Tuesday, September 18, 2012

opening lines

i've been reading a lot lately
good books, very good books

the kind that grab you right from the very first words, not the kind that go in one eye and out the other

this book was my big summer read

lent to me by my brother who heads up a cancer research team in san francisco

what a book

 sure, it's opening isn't as likely to be recited as

"i had a farm in africa, at the foot of the ngong hills..."
" it is a truth universally acknowledged, that a single man in possession of a good fortune must be in want of a wife"
nor even
"christmas won't be christmas without any presents!"

but it is one of the best books i have ever read

taking you from the earliest records and treatments, to the latest drug therapies, all through the terrible history of this disease, reciting the darkest days and illuminating the brightest achievements

it's a testament to both the tenacity of the disease, and those who try to understand and treat it

i don't think i have ever been more humbled 

nor wished more to do something of use and value

in these days after bozzy's passing, life and living and death and dying have been a big part of my thoughts

more and more i'm thinking about my own story
and what i want it to be

in amongst all the "i wish i did"s and "i really should"s i know that at the end of the day,
the best story is the simplest one

"once upon a time, in the far north when the days were getting longer and the world began to wake up after it's long winter's sleep, a little girl was born

and she lived happily ever after."



Suztats said...

I imagine there's a lot that goes in there between being born and living happily ever after.
I remember from my Uncle's funeral several years ago, there was a handout about making the most of one's dash.......the dash being between the year of birth and the year of death.
As I get older, I, too, think of what I have done with my dash. There are no world-shaking discoveries, no fame or fortune, but I am happy with how I have spent those years, for that has made me who I am today, with all my short-comings and faults.
I do not have a bucket list of things to do and see before I die, because I have filled my dash with activities that feed my soul.
As you wrote, "the best story is the simplest one."

Marj Talbot said...

In my dash I have been married 48 years today while feeling not much older than that. I like the phrase above - I have filled my dash with activities that feed my soul. We have so many things to be thankful for.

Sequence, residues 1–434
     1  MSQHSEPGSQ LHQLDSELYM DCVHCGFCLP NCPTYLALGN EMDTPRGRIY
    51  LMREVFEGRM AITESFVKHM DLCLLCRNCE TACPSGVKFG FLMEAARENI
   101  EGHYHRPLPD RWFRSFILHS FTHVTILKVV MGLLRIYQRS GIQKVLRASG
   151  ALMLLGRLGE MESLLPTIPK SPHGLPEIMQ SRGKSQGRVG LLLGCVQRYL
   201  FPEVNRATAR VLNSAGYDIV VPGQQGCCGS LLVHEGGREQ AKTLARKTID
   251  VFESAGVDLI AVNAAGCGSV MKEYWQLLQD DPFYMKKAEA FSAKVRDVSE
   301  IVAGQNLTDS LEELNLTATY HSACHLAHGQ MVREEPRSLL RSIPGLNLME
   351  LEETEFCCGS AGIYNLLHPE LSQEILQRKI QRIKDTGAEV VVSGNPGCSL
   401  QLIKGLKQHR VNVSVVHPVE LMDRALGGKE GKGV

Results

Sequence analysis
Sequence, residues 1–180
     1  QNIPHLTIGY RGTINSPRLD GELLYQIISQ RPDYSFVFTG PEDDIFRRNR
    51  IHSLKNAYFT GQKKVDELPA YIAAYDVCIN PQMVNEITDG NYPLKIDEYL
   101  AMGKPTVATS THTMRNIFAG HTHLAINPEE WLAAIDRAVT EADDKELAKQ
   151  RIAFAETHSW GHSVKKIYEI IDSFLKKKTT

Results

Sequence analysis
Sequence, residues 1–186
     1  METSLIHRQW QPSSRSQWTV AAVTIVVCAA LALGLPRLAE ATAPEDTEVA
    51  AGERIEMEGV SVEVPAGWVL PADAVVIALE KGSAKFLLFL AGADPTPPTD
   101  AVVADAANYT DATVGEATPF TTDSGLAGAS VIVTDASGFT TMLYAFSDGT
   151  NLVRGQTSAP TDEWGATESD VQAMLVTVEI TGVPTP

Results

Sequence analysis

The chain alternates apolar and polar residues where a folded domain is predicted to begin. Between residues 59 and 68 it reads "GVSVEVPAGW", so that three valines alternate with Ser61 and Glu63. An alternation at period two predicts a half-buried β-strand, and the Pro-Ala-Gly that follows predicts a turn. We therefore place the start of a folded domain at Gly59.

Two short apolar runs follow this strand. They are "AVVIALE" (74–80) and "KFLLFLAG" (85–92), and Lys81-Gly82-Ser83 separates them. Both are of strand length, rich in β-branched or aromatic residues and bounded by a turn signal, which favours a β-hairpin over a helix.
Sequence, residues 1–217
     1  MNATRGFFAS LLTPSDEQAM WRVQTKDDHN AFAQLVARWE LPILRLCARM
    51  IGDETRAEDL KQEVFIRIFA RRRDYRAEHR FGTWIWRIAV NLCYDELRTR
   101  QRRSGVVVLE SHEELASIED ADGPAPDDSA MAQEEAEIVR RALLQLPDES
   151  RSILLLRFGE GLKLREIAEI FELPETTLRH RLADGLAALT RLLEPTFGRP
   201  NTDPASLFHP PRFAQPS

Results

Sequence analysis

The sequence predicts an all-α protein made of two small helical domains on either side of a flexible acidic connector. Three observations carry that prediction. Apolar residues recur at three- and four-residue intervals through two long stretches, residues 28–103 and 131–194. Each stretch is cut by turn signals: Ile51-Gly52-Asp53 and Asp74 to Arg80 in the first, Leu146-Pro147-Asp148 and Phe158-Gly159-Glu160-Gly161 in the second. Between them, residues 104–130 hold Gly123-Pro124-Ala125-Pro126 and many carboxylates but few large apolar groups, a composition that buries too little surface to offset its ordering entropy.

Love and Hugs

Mosaic Magpie said...

I have had a visit with the Emperor and that visit leaves you thinking about your life. Have I been as kind to others as I should have been....did I share a smile. What had I done to touch others in a positive way. How would I be remembered. Living happily ever after....I wonder if that is possible? The ups and downs...hopefully there are more ups than downs.
To face each day with a good attitude and fall asleep each night knowing we did our best....and to one day hear, "Well done, my good and faithful servant." That would be living happily ever after.

Createology said...

Now that I have read your post dear and also read the comments I am in goosebump chills. I too have been reflecting on life and how quickly it is passing. Mr. C showed me a tape measure and if he lived to be 80 his time left is very short compared to his time already lived. I hated that he showed me that. I just met him at 40 and want lots more time with him. In my blog reading I came across Tammy in Kuwait and her post of a video "Before I Die". I have been obsessing over what I could think of to do or say. Mr. C has a bucket list but I do not. I am more of a simple girl who merely wants to live a simple but happy life. I do for others as much as possible and that feeds my soul. I do not lack for anything. I am happy. Now all I wish for is health. I do not want to meet the Emperor as so many of our friends are having to do. Blessings to you my friend. I think I shall read this book if I can find it at the local library. Hugs to you and Suz and Deb... Please excuse my ramblings.

Susan Elliott said...

Hmmm...there are so many powerful stories in between the beginning and the end that have shaped who you are. That being said, it's a profound statement to say "the best story is the simplest one"...

I came, I loved, I left no damage in my wake...

Susan Elliott said...

P.S. Thanks for the book rec. I'm looking for it at my library too...xo Susan

Bill Shander said...

Me too...I've been thinking deeply about life and what comes after this one. And I've been moving towards the things that matter most to me. It sounds like you've found some peace through reading this book...I'm glad.

Dorthe said...

Dear Gillayne,
I could be that little girl from the North,too :-) only I was born in June :-)
Im our house we also are now and thinking about the time left is far less than the time already spend- but I try hard- to remember to be happy for every day, thanking the Lord for every morning and evening-
not falling in the hole, of what do I want to do with the rest of my life, as really I do believe -LIKE YOU- that the simplest story is the best-and I LOVE my simple story as it is.
Hugs and blessings.

Createology said...

I picked up this book at the local library. It will be a slow read for me. The very first two paragraphs had me in tears. I am certain I shall need to check it out again. Thank you Jillayne for sharing about this book. Your brother must be an angel for doing cancer research...

Alisa Noble said...

So often you and I seem to be on the same wave length, Jillyane.
Universal conscious?
I've been thinking long and hard recently on how I can take the lessons I've learned in my life experiences and giveback.